Casual Devotion and Inexact Terminology

a photo of my main shrine, which is heavily used
I literally just took a picture of my shrine without doing any kind of special cleanup for this photo. You can see the remains of my khernips and the ashes from the burned rosemary sprig in addition to the god-sticks that are set out and the nearly-finished Hestia candle.

I was on Tumblr this morning and found an interesting thread about casual religionists. The original post seemed to be using casual as a synonym for atheistic or noncommittal polytheism in its first paragraph, but it’s possible that I misunderstood the person writing it. The term I use for atheists engaging in religious practice is culturally x, such as “culturally Hellenic polytheistic” or “culturally Jewish” or “culturally Christian.” I interpret the word casual a bit differently — more along the lines of without a high level of formality than as a synonym for apathetic, like the term business casual.

Part of the reason I restarted this blog is that I wanted to amplify voices of those of us who are polytheists and religiously devout, but who have no ambitions to be religious leaders beyond possibly serving on an organizational board in 5-10 years — those of us who have a target of being community elders in 40 years, not religious experts. There is religious expertise that comes from intense devotional education and leadership, seminary and graduate-level training training, and/or work with philosophy.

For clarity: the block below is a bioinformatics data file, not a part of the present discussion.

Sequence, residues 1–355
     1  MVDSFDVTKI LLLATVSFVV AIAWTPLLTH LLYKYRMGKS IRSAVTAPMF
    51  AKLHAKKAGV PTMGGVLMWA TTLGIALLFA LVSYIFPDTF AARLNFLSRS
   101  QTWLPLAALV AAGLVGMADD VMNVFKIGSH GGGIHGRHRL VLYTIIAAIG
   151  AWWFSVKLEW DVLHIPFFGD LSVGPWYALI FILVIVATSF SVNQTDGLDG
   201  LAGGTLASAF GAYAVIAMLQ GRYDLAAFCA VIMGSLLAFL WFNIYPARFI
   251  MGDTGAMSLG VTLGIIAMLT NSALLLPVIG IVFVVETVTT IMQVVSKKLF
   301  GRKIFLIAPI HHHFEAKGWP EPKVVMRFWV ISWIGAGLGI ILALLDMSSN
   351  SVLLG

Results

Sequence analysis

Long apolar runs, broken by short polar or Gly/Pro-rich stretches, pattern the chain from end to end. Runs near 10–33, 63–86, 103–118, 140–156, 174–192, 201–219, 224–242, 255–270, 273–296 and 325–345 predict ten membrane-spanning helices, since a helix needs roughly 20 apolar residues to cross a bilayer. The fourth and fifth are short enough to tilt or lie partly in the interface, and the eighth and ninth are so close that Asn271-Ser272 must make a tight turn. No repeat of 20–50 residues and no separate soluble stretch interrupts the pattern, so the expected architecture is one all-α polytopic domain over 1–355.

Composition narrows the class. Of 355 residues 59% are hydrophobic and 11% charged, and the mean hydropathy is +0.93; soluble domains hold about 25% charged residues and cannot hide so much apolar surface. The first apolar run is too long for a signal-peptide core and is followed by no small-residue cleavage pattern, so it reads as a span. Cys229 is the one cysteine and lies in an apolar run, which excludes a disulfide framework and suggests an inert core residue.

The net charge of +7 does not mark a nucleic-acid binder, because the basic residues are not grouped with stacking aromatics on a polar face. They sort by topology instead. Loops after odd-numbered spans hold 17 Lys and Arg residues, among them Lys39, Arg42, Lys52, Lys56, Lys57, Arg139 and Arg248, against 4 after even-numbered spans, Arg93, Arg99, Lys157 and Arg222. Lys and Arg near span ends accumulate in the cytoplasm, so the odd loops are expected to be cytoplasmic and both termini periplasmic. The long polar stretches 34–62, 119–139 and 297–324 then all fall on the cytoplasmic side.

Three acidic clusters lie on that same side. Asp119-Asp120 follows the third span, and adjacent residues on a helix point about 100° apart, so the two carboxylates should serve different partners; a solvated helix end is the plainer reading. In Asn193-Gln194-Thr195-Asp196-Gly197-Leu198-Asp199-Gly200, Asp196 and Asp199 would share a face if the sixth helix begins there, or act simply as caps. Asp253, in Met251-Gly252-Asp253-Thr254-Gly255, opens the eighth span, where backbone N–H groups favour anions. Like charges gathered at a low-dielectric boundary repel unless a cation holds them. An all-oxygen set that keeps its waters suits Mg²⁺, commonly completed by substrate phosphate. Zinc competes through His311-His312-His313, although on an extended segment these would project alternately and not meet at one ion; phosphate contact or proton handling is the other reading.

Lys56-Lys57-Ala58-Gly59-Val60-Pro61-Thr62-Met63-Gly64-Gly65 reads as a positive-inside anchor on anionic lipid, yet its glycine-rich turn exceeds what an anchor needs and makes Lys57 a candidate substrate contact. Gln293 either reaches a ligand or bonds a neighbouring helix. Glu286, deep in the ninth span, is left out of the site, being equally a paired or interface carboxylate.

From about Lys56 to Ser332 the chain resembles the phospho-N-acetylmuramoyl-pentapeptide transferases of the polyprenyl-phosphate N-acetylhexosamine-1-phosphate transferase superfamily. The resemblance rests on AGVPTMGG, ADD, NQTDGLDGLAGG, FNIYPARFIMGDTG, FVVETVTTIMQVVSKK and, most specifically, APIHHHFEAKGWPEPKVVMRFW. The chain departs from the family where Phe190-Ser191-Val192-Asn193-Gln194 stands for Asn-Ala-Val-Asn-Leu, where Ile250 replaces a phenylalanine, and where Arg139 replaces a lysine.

Not all of us can be these people, and as I said before, it’s not desirable for all of us to be. There is a place for devotees who are also professionals (in what the modern world would consider secular professions), and ultimately, I want out polytheists to be represented among all professions as role models for young devotees. There are still many stigmas against non-Christians in America’s work force.

In the ancient world, religious practitioners were merchants and farmers; apartment-dwellers and landed gentry; educators and politicians; and so many other categories. In the modern world, we have a certain amount of energy after a 40+ hour work week, and that energy needs to be split across a variety of tasks — family, friends, gods, and our personal development/growth projects and creative pursuits. I’m blessed that I can handle both a 40+ hours/week career and a 15+ hours/week writing practice, but it means that I have had to make hard choices over the years. I’m also not a priestess, although I’m pretty close when it comes to the Erinyes because I’m one of the few people who has a deep understanding of their cultus and context. (I’ll let you know if I end up buying purple robes.) If I needed to make deep time commitments to god(s), the breakdown of my time outside of work would obviously be very different.